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Advances in Animal and Veterinary Sciences

Research Article
Adv. Anim. Vet. Sci. 2 (1): 20 - 25
http://dx.doi.org/10.14737/journal.aavs/2014.2.1.20.25
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Pandian Krishnan, Malathi Balasubramaniam, S. Dam Roy, Kamal Sarma, Rizwana Hairun, Jai Sunder*
Central Agricultural Research Institute, Port Blair, A and N Islands, India 744 1010
*Corresponding author: jaisunder@rediffmail.com

ABSTRACT
Among marine invertebrates, sponges are the most prolific phylum, with regard to presence of novel pharmacologically active compounds. Bacteria, living on the surface of marine invertebrates, have been found to produce chemicals that have potential antimicrobial activities. To test this hypothesis, a total of about 30 bacterial isolates associated with the marine sponge, Stylissa sp collected from North Bay, Andaman were successfully screened for antimicrobial activity against selected human, animal and plant pathogens including Aeromonas hydrophila, Bacillus subtilis, Enterococcus durans, Streptococcus lentus, Klebsiella pneumoniae and Rolstonia solanacearum using disc diffusion assay. The bacterial isolates were identified as belonging to the genera Marinomonas, Alteromonas, Marinobacter, Chromohalobacter, Halomonas, Cytophagas and Amylocolate based on their biochemical properties. Of the total bacterial isolates tested, 66.67% were found to have antimicrobial properties ranging from broad spectrum to species specific. One of the isolates, S8 inhibited K. pneumoniae with about 95% and 30% of the efficiency of Erythromycin and Ciprofloxacin, respectively. The findings of the study highlight the importance of sponge surface–associated bacteria in producing new natural compounds with antimicrobial activities.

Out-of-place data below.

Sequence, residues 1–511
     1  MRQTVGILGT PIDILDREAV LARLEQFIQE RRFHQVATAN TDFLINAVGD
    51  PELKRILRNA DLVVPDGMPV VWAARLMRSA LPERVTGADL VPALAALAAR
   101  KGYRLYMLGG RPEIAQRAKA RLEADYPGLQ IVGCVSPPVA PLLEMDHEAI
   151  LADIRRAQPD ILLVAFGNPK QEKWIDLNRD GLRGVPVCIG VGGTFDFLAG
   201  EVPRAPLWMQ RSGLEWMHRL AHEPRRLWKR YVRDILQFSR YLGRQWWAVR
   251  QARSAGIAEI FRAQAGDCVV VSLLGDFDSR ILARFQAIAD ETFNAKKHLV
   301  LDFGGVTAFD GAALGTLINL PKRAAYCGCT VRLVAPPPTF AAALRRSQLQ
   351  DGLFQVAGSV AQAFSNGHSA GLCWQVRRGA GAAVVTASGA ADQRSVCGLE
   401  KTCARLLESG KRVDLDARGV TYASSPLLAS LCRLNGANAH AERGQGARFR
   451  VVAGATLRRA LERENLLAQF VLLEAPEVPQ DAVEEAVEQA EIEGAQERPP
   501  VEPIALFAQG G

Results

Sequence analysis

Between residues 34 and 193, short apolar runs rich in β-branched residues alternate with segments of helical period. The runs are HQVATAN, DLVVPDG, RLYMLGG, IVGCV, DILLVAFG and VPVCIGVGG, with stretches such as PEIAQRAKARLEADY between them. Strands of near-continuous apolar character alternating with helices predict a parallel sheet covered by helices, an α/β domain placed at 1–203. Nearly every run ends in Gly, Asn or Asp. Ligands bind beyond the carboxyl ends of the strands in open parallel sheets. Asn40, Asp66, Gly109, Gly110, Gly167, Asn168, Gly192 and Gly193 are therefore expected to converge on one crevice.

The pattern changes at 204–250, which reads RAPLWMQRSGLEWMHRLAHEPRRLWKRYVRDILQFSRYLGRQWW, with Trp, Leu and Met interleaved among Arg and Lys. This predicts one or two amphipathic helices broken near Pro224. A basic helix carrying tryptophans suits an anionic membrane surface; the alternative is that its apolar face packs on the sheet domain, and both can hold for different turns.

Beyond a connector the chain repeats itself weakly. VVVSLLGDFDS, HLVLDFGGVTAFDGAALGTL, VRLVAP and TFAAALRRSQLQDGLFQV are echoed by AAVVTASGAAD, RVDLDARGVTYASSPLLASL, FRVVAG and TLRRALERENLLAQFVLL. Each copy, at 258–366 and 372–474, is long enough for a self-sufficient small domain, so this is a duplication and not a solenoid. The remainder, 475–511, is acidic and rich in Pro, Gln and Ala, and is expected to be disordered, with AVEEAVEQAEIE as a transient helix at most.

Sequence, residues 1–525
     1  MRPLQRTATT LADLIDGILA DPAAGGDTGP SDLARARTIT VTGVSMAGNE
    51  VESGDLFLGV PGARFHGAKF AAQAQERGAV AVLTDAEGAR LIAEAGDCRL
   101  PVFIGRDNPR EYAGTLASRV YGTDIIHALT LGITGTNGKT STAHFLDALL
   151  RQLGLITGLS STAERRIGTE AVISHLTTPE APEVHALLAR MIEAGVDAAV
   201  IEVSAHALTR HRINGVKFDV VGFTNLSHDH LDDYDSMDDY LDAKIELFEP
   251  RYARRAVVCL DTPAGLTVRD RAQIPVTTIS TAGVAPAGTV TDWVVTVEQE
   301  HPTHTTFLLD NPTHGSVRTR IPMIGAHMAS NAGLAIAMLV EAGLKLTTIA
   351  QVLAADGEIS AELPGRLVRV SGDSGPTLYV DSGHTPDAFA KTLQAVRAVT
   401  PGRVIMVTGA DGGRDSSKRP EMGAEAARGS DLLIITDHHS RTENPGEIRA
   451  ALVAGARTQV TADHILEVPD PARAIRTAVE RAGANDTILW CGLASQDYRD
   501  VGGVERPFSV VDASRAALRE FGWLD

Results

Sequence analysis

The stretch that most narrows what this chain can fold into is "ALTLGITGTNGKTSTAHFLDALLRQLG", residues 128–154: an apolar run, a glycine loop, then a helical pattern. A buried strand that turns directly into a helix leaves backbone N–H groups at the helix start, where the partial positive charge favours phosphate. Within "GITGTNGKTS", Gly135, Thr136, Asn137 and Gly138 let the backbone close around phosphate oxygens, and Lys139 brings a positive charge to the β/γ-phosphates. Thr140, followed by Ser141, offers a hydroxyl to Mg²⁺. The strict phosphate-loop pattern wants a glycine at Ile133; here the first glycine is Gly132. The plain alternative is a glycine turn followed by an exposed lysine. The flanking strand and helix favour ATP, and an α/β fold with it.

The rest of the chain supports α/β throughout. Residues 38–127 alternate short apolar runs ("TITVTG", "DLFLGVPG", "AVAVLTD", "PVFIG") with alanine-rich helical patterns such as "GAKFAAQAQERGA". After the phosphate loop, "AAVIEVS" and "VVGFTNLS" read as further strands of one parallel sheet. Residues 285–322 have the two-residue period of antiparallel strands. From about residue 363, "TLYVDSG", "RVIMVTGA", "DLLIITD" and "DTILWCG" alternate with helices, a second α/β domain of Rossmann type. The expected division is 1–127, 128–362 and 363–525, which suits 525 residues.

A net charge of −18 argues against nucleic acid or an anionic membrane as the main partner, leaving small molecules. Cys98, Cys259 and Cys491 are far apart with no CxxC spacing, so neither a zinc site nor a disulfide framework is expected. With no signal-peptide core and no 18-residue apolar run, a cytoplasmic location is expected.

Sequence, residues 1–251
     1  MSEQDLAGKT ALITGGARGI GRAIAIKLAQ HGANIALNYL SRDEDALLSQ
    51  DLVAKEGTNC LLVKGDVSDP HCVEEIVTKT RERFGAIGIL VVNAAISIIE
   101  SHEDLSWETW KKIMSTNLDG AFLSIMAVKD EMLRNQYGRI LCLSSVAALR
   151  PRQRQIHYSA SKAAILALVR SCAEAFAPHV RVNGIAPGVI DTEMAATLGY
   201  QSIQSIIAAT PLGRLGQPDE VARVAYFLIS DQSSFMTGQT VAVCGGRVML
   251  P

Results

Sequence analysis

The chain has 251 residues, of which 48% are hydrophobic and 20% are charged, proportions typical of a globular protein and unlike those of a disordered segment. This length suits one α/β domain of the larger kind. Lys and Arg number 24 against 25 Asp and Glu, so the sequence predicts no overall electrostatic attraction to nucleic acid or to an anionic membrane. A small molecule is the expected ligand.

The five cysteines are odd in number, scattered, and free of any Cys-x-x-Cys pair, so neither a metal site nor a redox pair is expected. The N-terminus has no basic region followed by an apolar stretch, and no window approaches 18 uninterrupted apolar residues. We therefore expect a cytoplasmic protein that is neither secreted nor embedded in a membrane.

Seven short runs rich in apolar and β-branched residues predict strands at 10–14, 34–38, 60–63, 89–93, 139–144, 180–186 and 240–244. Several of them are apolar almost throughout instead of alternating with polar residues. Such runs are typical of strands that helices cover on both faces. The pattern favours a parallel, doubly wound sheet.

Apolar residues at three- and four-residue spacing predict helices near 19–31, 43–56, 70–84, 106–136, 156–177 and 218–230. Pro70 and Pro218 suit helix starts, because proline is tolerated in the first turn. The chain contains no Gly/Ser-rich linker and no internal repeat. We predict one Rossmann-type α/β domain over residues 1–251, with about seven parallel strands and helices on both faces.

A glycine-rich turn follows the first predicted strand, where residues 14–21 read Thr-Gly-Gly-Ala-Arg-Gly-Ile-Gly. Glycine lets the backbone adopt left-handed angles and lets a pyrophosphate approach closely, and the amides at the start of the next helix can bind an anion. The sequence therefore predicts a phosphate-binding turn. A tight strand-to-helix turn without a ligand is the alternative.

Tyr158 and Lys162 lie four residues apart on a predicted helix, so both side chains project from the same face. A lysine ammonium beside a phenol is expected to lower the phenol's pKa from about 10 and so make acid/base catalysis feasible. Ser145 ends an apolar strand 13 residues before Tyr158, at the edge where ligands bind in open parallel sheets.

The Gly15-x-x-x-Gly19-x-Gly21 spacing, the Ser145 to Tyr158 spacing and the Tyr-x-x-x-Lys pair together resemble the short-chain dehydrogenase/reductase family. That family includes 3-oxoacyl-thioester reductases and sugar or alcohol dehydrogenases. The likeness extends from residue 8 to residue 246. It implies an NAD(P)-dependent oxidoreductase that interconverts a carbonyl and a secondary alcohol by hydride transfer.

Key Words: Antibacterial activity, Characterization, Marine sponge, Stylissa spp., Surface associated bacteria